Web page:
HotStats European Chain Hotels Market Review – August 2010
Brussels bets on buoyant September as hotels suffer a loss during MEP’s summer break
Profitability levels in Brussels dropped to -€6.62 per available room during August whilst European Parliament was in recess, according to the latest HotStats survey from TRI Hospitality Consulting.
Whilst the market mix in Brussels is dominated by corporate and conference demand during the majority of the year, accounting for approximately 60% of total demand, this month the level of demand attributed to the commercial sector declined to 43.5% of total demand.
Moreover, annual Total Revenue per Available Room (TrevPAR) in the city is typically strong due to a high ancillary spend derived from meetings and conferences, which are captured from the high concentration of corporate headquarters, government institutions and NGOs. However, due to the absence of this demand during August, at €67.19, the recorded TrevPAR at hotels in Brussels was more than 70% below the year-to-date average for the city at €114.81.
“Unlike other cities in Europe which are able to minimise losses during the summer months by filling gaps left by corporate demand with leisure visitors, Brussels’ profile as a tourism destination and appeal to the leisure market is relatively low. The loss of high-yielding commercial-related demand during this period will understandably impact greatly on the profitability of hotels in the city” said Jonathan Langston, managing director of TRI Hospitality Consulting.
Further adding to the gloomy performance figures, short-term trough periods such as this will often cause a hotelier’s cost margins to rocket as they are not supported by adequate levels of achieved revenue. This is exemplified by payroll levels in Brussels this month, which at 55.3% of total revenue, were more than 15 percentage points above the year-to-date average of 39.1%.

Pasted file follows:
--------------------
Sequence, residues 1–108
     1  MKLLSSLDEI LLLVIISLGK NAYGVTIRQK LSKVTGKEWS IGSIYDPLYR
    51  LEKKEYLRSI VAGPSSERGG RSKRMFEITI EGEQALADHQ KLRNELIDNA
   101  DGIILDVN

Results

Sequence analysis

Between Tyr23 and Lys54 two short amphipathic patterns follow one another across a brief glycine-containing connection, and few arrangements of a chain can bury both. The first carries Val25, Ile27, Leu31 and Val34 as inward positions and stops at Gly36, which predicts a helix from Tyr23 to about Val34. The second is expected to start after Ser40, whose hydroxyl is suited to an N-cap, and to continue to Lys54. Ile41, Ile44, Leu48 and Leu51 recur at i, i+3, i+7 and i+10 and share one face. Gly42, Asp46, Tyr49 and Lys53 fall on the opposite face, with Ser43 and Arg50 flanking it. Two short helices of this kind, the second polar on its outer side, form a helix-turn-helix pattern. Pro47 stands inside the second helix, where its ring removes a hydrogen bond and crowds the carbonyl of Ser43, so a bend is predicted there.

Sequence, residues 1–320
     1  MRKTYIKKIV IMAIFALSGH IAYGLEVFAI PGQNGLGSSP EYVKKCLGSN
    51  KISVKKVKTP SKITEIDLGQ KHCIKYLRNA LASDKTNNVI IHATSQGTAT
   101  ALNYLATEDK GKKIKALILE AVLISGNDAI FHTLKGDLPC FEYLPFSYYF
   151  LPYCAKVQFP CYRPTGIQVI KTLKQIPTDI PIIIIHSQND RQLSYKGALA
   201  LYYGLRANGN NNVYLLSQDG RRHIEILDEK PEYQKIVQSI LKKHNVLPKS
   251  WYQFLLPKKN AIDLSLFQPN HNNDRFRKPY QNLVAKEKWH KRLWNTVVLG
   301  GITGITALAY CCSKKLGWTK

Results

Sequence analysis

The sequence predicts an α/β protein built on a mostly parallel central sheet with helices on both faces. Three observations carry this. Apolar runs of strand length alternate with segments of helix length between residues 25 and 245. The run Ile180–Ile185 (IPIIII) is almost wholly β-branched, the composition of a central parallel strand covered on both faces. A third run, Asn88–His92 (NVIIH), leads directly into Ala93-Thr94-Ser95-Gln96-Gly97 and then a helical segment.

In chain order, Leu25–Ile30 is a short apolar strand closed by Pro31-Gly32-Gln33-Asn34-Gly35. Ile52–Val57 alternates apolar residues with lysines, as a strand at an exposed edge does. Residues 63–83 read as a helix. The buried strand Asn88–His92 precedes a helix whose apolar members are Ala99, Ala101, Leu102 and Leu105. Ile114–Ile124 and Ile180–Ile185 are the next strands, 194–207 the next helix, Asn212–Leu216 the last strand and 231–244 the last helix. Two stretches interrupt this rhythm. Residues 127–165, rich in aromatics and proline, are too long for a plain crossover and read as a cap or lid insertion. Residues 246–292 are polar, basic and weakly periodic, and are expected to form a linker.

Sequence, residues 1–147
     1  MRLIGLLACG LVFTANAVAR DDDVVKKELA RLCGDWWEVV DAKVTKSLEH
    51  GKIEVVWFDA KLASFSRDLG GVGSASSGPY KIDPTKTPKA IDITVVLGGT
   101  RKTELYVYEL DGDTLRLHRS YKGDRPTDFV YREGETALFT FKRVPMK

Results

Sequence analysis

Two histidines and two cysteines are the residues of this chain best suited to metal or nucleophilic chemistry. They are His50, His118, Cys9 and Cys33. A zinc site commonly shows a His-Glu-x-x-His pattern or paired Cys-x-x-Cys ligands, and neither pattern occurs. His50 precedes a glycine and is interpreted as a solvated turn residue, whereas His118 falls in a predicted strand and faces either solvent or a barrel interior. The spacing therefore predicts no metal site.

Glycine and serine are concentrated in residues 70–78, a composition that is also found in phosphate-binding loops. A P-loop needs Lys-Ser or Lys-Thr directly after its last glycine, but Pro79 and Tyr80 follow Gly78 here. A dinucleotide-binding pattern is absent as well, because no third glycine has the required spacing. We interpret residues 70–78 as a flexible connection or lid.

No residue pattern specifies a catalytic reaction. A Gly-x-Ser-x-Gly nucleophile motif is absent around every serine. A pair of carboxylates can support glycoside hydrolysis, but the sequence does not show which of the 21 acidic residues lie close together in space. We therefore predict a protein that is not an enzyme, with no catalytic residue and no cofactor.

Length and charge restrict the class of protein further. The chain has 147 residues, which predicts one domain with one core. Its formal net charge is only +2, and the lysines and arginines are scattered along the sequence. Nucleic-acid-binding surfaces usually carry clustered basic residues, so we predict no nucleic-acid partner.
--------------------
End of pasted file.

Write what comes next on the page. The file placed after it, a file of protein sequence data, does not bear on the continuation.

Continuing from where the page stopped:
Major European markets lament the loss of commercial demand
Although it will undoubtedly return in September, the drop in corporate and conference demand during the summer season has caused huge declines in profitability in a number of markets throughout Europe, according to the latest HotStats survey.
As well as impacting the level of demand, illustrated by hotels in Paris, which at a room occupancy of 66.8% in August were almost ten percentage points below the rolling 12 month average, hotels are forced to accommodate a much higher proportion of lower-yielding leisure demand, impacting the achieved room rate.
In Rome, the achieved rate in the corporate sector, at €173.45 in the 12 months to August 2010, is almost 50% higher than the value of leisure demand, at €116.87, as hoteliers slash prices in order to drive volume. And whilst corporate demand accounted for only 13.3% of total demand in August, the lower-yielding leisure and group sectors accounted for approximately 65% of total demand. As a result, the achieved room rate in Rome during August was more than €30 behind the year-to-date average for the Italian capital.
In contrast to the declines across much of Europe, thanks to major events such as the Grachtenfestival (45,000 visitors), Uitmarkt (500,000 people) and Gay Pride (a further 500,000 visitors), hotels in Amsterdam achieved the highest TrevPAR across all the markets polled at €175.46, fuelled by a growth of 23.8%.
In addition to the growth in headline performance levels in Amsterdam being helped by a 7.5 percentage point increase in room occupancy, Revenue per Available Room (RevPAR) levels in the city were boosted by a 19.1% increase in average room rate. This was primarily as a result of a four-fold increase in the achieved rate in the non-discounted rack rate sector. Increases were also achieved in the leisure (10.2%) and group sectors (24.6%).
“Thanks to a strong calendar of events, Amsterdam avoided the pain felt by many of the cities across Europe during a best-forgotten August. Heading into a characteristically busy period of commercial activity in September, it is essential that hoteliers in these markets regain focus in order to get back on track with the recovery,” said Langston.
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